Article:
Every year, the month of September is observed as Polycystic Ovarian Syndrome (PCOS) Awareness Month to raise awareness about the hormonal condition that usually affects women of reproductive age. The prevalence rate may reach, or even exceed 10–15 per cent, depending on the studied population and the applied diagnostic criteria, states bmcmedicine.biomedcentral.com.
Since untreated PCOS can put one at a higher risk of type 2 diabetes, high blood pressure, heart problems, and endometrial cancer, as well as infertility, it is pertinent to understand some basic facts and what can be done about the “heterogenous, multifactorial, complex genetic disorder” (as per a 2021-study in International Journal of Reproduction, Contraception, Obstetrics and Gynecology) that has a bearing on physical, mental and emotional health.
What is PCOS?
It is a condition where there is excess production of male hormones, the androgens, which is characterised by presence of multiple fluid-filled sacs called cysts in the ovaries. In this condition, the ovaries get enlarged and contain multiple follicles that surround the eggs which, in turn, create a hormonal imbalance.
“Due to hormonal imbalance, a woman experiences a range of symptoms such as menstrual irregularities, acne, excess facial hair growth (hirsutism), weight gain, hair loss, etc.,” said Dr Priyanka Marakini, senior nutritionist, HealthifyMe.
What causes PCOS?
While there are no clear reasons, experts suggest childhood obesity is a leading cause of PCOS. “With the dramatic increase in childhood obesity, which often leads to earlier onset menstruation, PCOS is starting to show up in younger girls. That means more years to live with the damaging health consequences of this syndrome that never goes away. It is a lifelong chronic condition,” said Natasha Pereira, consultant nutritionist, HealthifyMe.
PCOS can trigger a host of physical symptoms. “The hallmark of insulin resistance is higher which can have a serious toxic effect on hormone production in the ovaries,” said Pereira. However, the symptoms tend to differ from woman to woman.
How does it affect women’s lifestyles?
Excess androgen levels can cause male pattern hair loss, and facial hair growth which “may affect a woman’s appearance leading to low self-esteem,” said Dr Marakini.
“Hormonal imbalances can also lead to fluctuating sugar levels causing weight gain, sugar cravings and mood swings, leading to irritability, depression, anxiety and many more such issues affecting their daily activities. Many women with PCOS find it difficult to conceive and this causes more mental stress,” Dr Marakini added.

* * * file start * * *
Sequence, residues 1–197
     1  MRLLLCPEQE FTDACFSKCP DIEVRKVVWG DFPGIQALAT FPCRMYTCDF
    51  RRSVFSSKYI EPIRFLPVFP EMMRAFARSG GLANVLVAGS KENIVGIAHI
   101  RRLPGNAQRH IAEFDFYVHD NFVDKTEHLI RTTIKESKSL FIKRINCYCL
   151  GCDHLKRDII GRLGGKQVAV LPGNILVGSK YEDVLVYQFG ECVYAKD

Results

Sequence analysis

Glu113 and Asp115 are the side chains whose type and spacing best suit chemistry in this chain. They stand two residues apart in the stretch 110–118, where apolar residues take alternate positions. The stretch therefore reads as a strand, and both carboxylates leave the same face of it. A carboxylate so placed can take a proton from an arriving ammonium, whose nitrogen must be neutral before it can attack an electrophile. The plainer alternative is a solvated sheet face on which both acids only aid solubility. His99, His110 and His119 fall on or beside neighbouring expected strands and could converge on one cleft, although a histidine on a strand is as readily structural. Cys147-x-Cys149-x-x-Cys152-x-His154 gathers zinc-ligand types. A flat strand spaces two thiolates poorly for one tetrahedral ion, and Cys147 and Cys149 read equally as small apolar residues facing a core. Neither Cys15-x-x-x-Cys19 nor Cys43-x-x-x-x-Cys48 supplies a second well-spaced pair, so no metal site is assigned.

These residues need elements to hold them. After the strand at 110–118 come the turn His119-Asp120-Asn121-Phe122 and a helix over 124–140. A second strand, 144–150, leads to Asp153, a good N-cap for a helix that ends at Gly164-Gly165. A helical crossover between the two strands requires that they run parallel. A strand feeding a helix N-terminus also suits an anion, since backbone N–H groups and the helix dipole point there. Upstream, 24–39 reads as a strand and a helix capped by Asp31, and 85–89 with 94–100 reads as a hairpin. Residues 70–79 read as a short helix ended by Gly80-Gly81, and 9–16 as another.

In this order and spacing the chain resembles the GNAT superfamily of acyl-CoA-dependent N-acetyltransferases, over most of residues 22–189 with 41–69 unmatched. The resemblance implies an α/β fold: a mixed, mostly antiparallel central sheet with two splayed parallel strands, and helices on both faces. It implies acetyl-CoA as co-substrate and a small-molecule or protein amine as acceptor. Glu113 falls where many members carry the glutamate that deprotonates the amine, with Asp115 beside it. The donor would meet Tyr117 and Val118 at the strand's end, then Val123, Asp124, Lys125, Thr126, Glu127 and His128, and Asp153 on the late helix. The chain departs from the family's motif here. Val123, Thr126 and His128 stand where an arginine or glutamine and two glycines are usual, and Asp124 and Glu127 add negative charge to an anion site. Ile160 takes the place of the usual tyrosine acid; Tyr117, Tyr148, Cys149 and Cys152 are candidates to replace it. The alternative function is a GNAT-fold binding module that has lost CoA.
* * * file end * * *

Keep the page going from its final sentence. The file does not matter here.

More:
How does weight play a role?
Being overweight or obese is commonly associated with PCOS but even women who are lean can be prone to the condition. “It appears that between 50 to 80 percent of women with PCOS are overweight or obese. Certainly, there are both lean and obese women with PCOS; however obese women are more likely to be harmed by the syndrome’s health implications because of a slew of metabolic derangements. Many women with PCOS gain weight very easily and struggle more to lose it,” said Pereira.
Skin problems in women with PCOS are extremely common, brought on by increased levels of male hormones (androgens). Androgens increase the production of sebum (an oily substance secreted by the sebaceous glands in the skin), which increases inflammation and bacterial growth in the skin, causing acne, experts mention. “Seborrhea (flaky skin) and hidradenitis suppurtiva (inflammation of the sweat glands in the armpit and groin) are also common in PCOS, as is a particularly telling skin sign called acanthosis nigricans (AN). AN is a skin condition characterised by velvety, raised, pigmented skin changes most commonly seen on the back of the neck, armpits, groin, and beneath the breasts,” Pereira explained.
Since hormonal imbalance is affected by fat levels in the body, “losing weight as well as fat can help in controlling these symptoms”, experts recommended.
PCOS and pandemic: Does it have a relation?
The pandemic may not have a direct impact on PCOS, but “a lot of studies have shown that due to the increased levels of anxiety, stress and burn out owing to working from home has led to women becoming prey to a lot mental health issues,” remarked Pereira. “This, in a way, affects the choices they make with regards to their lifestyle and eating habits. Binge eating, late-night dinners, inadequate sleep and exercise can impact the hormonal balance in a big way and contribute to disturbances in the menstrual cycle as well.”